Groucho Marx? Fred Waring? Ed Gardner? Goodman Ace? Jane Ace? Fred Allen? Ernie Kovacs? Deane Binder? Anonymous?
Dear Quote Investigator: The number of scripted television shows has grown dramatically in recent years and so have the plaudits. Yet, from its earliest days the medium has always attracted scorn. Here are three examples of lacerating word play:
- Television is a medium where if anything is well done, it’s rare.
- Television: We call it a medium because nothing’s well done.
- Television is called a medium because it is neither rare nor well done.
Would you please explore the provenance of this humor?
Quote Investigator: The earliest match known to QI occurred in the “Chicago Sunday Tribune” of Illinois in May 1949. A concise definition of television appeared in a small box. The singer and show business personality Fred Waring received credit for the wordplay. Emphasis added to excerpts by QI: 1949 May 15, Chicago Sunday Tribune (Chicago Tribune), Definition (Filler item), Part 6, Section 2, Quote Page 2, Column 5, Chicago, Illinois. (ProQuest)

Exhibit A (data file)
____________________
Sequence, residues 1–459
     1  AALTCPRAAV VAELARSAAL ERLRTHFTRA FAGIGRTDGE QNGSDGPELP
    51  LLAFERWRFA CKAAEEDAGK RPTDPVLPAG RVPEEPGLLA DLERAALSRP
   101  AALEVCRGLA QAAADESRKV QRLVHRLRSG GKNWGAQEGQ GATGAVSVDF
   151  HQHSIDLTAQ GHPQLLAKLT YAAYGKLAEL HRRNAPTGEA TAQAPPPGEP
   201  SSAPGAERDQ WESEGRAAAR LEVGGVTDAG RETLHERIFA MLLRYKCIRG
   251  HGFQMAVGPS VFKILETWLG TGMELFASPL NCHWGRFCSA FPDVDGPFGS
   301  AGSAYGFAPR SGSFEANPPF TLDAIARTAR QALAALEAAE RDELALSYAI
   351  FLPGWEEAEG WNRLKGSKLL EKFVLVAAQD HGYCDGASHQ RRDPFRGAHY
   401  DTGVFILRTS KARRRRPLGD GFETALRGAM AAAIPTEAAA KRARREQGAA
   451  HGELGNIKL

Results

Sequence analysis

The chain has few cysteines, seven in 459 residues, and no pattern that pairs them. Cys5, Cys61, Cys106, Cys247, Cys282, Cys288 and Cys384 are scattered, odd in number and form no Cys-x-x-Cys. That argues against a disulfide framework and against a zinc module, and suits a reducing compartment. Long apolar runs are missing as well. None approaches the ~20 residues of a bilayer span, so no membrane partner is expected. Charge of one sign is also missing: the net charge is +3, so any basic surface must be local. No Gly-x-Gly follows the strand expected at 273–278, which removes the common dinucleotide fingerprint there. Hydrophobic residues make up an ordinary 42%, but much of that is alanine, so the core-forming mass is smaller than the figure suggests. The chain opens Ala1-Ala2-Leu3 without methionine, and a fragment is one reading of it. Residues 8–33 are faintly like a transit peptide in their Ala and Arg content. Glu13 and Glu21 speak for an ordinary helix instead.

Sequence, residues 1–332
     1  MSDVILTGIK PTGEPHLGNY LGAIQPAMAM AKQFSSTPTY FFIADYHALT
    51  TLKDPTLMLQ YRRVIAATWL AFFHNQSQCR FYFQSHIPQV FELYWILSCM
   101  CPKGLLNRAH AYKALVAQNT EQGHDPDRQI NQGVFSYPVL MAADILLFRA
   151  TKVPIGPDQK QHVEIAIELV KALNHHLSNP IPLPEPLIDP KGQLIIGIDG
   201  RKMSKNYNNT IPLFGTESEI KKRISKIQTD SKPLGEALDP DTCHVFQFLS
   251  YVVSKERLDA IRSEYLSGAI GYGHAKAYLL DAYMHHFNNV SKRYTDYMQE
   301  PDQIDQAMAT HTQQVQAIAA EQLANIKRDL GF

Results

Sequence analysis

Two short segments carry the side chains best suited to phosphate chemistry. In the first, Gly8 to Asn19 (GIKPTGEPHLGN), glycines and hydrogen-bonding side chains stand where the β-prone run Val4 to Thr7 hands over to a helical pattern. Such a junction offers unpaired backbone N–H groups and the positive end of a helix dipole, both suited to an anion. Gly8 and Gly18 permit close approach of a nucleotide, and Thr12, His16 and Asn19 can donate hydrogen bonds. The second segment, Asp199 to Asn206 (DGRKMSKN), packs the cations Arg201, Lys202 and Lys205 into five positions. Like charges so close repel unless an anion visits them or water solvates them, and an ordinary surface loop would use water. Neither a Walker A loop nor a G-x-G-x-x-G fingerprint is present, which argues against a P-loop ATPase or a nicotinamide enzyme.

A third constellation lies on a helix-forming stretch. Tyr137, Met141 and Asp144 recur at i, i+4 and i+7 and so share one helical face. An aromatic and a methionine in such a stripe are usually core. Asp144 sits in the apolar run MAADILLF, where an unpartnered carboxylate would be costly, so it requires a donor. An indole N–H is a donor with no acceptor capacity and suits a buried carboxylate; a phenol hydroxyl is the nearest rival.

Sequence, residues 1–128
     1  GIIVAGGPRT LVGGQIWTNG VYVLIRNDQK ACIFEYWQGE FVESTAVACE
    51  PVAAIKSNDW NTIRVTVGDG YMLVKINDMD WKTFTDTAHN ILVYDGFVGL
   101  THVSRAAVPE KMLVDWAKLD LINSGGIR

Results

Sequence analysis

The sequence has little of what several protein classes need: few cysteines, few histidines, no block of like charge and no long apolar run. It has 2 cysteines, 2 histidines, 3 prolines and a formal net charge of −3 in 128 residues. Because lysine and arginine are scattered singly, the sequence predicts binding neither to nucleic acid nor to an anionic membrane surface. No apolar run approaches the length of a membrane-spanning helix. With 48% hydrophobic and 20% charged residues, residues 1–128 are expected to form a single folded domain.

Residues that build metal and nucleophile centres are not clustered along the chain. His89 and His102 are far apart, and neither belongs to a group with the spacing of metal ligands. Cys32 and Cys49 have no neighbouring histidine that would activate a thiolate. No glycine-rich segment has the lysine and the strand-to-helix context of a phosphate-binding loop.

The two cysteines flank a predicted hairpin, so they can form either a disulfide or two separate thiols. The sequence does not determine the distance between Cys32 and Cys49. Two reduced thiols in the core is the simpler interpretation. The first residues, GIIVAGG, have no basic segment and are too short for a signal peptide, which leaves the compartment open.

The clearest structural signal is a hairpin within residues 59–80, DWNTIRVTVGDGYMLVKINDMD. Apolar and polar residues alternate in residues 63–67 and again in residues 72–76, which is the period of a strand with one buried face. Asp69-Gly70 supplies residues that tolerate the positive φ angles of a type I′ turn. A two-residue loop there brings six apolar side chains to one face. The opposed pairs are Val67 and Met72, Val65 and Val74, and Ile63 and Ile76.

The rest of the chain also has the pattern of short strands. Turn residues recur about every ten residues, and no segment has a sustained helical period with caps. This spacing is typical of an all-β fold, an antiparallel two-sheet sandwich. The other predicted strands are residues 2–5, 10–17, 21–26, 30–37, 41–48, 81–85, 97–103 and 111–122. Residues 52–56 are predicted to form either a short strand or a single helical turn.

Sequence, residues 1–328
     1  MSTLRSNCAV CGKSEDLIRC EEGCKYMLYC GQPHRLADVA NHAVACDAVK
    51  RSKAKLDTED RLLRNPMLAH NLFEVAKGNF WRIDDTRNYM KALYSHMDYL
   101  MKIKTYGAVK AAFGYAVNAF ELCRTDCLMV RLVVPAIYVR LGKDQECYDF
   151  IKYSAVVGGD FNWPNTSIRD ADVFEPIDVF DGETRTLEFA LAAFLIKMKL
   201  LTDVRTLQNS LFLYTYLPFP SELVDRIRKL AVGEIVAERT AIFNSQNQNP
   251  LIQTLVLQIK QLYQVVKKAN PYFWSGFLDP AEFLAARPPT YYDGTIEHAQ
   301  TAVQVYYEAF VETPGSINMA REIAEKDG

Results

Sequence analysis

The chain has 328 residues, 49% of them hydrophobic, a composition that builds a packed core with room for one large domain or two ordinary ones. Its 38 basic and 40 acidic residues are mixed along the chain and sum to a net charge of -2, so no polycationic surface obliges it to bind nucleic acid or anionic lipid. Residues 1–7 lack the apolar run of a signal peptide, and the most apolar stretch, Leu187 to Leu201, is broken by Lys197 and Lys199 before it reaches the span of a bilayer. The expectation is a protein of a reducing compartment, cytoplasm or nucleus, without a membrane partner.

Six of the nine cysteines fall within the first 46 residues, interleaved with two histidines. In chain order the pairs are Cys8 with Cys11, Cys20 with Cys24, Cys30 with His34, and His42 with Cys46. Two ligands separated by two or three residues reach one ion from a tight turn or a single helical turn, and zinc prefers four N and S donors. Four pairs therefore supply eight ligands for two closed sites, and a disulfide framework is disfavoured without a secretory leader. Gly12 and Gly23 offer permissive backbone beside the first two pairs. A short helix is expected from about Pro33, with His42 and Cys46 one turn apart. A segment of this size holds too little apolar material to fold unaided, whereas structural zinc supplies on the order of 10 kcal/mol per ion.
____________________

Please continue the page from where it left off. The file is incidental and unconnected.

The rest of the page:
“Television: A new medium—rare, if well done!”
Below are additional selected citations in chronological order.
Continue reading Television: It’s Called a Medium Because It’s Never Well Done
|↑1||1949 May 15, Chicago Sunday Tribune (Chicago Tribune), Definition (Filler item), Part 6, Section 2, Quote Page 2, Column 5, Chicago, Illinois. (ProQuest)|